• Wilco Airbus A380

    Wilco Airbus A380

    By Kevin Glover (11 January 2009)

    The A380 is the sign of the times - bigger, faster, cleaner. Whether it's better is something that I'll leave up to you to decide, but nonetheless such an impressive aircraft deserves an equally impressive counterpart for the simulator. Did Wilco's effort fill this niche? Let's see...


    First Impressions

    The 92MB download and installation went quite smoothly and without any hiccups. After installation, a quick check of the start menu and FSX folder reveals eleven liveries and several different PDF files; these include the main manual, some background information, a description of the included mission, as well as an FAQ. The manual itself is quite informative on the whole, but I found that some things weren't (to my knowledge) available in this or any of the PDF's. This missing element is the checklist and for any Airbus-phobic like myself, this is really a key thing which must be included. However, I made do with the step-by-step guide of the included mission, which details most of what you'll need.


    Upon my first flight, I was very interested in the cabin and I was not disappointed. The virtual cabin is incredibly large and covers the lower deck in impressive detail. There are basically four sections to the cabin: first class, sleeping cabins, economy, and an even more crowded section in the rear. The detailing on the seats is most noticeable, but there are some other nice details such as a bar, bookshelves, and what I deem to be a small store in the rear of the craft selling luggage and the like. Keep in mind, however, that these are just added bonuses, as the only area you need to fly the aircraft with is the cockpit. Therefore, don't expect utmost detail and crystal clear textures; as a matter of fact, when you're about one-quarter of the way through the cabin (coming from the cockpit), if you raise your viewpoint up rather high you can see through a gap in the cabin to the outside. Things like this didn't really bother me, though.


    Despite the ostentatious nature of the cabin, Wilco's rendition of the cockpit itself is rather disappointing. Aside from such things as blurry seats and textures in the rear, the instruments themselves are somewhat akin to your least favorite FS2004 VC. The absolute worst thing, in my opinion, is that portions of the main panel, for whatever reason, have been given a somewhat shiny appearance. Remember seeing the 'reflections' of a scene of trees and mountains on a shiny section of another aircraft? Well, it's rather less impressive in the cockpit of an airliner. It's not terribly noticeable, but it's there and is more evident in some lighting conditions than others. There are some other things which detract from the cockpit, such as unusually large, squarish looking pedals, mismatched texturing on the pedestal, and a fair amount of blocky switches and controls. The textures on the pedestal are comprised of different colored panels, and unlike the real aircraft, these are not of a uniform bluish color, but rather lighter and darker shades. Feel free to look at this A380 cockpit panorama, courtesy of Mathew Stibbe, to compare the real and the simulated.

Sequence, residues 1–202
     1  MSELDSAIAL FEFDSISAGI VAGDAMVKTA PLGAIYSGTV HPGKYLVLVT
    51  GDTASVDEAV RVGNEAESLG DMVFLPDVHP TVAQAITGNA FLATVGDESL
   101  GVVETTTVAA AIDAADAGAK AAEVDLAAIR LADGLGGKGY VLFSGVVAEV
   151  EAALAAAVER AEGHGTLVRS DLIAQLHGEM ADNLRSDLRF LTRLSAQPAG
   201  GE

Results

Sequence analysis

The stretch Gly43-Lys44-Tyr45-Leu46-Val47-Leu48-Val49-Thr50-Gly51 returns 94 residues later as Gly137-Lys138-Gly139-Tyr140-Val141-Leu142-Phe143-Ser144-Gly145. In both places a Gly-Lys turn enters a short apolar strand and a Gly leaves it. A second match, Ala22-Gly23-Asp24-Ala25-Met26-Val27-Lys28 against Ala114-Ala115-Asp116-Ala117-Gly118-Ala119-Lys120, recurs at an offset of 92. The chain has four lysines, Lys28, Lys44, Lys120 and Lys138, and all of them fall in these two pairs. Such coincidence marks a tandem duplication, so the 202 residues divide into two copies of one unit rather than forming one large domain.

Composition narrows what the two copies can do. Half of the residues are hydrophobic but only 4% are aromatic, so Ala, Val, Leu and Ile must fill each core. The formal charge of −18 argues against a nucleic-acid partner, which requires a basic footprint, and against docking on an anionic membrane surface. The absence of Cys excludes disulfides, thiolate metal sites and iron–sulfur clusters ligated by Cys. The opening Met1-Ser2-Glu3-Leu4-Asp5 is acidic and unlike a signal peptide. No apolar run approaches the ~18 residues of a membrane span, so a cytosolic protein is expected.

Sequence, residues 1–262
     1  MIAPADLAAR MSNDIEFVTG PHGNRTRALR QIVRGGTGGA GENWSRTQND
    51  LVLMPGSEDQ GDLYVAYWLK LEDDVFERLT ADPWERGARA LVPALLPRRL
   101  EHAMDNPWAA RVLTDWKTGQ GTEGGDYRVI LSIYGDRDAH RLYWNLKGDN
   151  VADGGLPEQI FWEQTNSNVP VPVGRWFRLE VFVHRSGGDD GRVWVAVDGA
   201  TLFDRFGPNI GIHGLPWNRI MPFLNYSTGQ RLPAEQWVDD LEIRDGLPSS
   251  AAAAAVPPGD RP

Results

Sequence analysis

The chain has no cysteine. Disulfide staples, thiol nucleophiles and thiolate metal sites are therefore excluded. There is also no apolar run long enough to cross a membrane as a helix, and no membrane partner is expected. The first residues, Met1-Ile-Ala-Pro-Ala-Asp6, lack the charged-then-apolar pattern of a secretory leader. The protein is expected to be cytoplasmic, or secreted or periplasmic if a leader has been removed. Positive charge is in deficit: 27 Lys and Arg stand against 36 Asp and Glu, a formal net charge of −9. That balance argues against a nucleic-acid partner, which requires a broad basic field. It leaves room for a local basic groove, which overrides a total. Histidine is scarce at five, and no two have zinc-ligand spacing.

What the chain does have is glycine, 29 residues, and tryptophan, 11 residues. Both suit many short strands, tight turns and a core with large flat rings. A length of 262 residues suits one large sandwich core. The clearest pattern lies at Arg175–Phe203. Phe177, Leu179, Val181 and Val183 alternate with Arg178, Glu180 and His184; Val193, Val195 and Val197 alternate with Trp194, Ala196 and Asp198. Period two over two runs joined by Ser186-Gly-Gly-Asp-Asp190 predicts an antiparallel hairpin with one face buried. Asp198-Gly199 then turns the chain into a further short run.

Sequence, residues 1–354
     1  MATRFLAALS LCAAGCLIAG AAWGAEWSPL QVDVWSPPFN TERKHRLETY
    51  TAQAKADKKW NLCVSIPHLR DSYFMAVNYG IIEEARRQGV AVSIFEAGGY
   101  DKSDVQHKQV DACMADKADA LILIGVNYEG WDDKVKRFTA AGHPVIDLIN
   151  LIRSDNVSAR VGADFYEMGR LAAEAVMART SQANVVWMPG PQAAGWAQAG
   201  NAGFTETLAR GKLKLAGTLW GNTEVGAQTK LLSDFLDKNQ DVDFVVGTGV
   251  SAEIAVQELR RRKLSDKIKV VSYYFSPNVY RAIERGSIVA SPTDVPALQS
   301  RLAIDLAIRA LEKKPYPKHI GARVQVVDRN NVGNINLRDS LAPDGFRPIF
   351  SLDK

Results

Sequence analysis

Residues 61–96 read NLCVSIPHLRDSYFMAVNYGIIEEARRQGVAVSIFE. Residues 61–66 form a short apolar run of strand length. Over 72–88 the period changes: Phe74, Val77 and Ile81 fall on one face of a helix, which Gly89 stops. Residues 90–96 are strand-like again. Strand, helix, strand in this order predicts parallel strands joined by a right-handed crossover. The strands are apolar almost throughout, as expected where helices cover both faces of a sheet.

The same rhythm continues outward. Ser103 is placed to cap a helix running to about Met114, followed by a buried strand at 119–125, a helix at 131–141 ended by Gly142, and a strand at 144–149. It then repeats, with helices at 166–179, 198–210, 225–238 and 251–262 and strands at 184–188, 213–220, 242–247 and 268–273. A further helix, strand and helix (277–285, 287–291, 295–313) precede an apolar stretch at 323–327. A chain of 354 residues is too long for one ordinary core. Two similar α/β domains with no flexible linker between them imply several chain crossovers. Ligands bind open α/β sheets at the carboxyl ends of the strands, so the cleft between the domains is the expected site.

I cannot say that I am pleased with the cockpit of the A380. There are many more things in the real cockpit which are not modeled, but I'd be much happier if they simply did a good job on what they chose to model. However, it may come as some comfort that there is a suite of 2D panels for those not interested in the VC.


    My overwhelming impression of the aircraft is that it's very, very shiny. This seems to be a recurring word in this review, but the Wilco model is true to life in the highly-polished exterior of the A380. At first it seems somewhat unrealistic, but after some research I'm convinced that this is accurate. However, there are still some inaccuracies which I will get out of the way first. Primarily, the landing gear trucks tilt the wrong way; that is, the aft is tilted down when in reality the front should be slightly tilted. Additionally, I noticed that there is a small square texture patch which didn't receive night textures on the Singapore Airlines livery. The 3D engine fans allow you to see through the engine which it's not running, and lastly it seems that the starboard landing light is located to the left rear of the aircraft, completely on its own.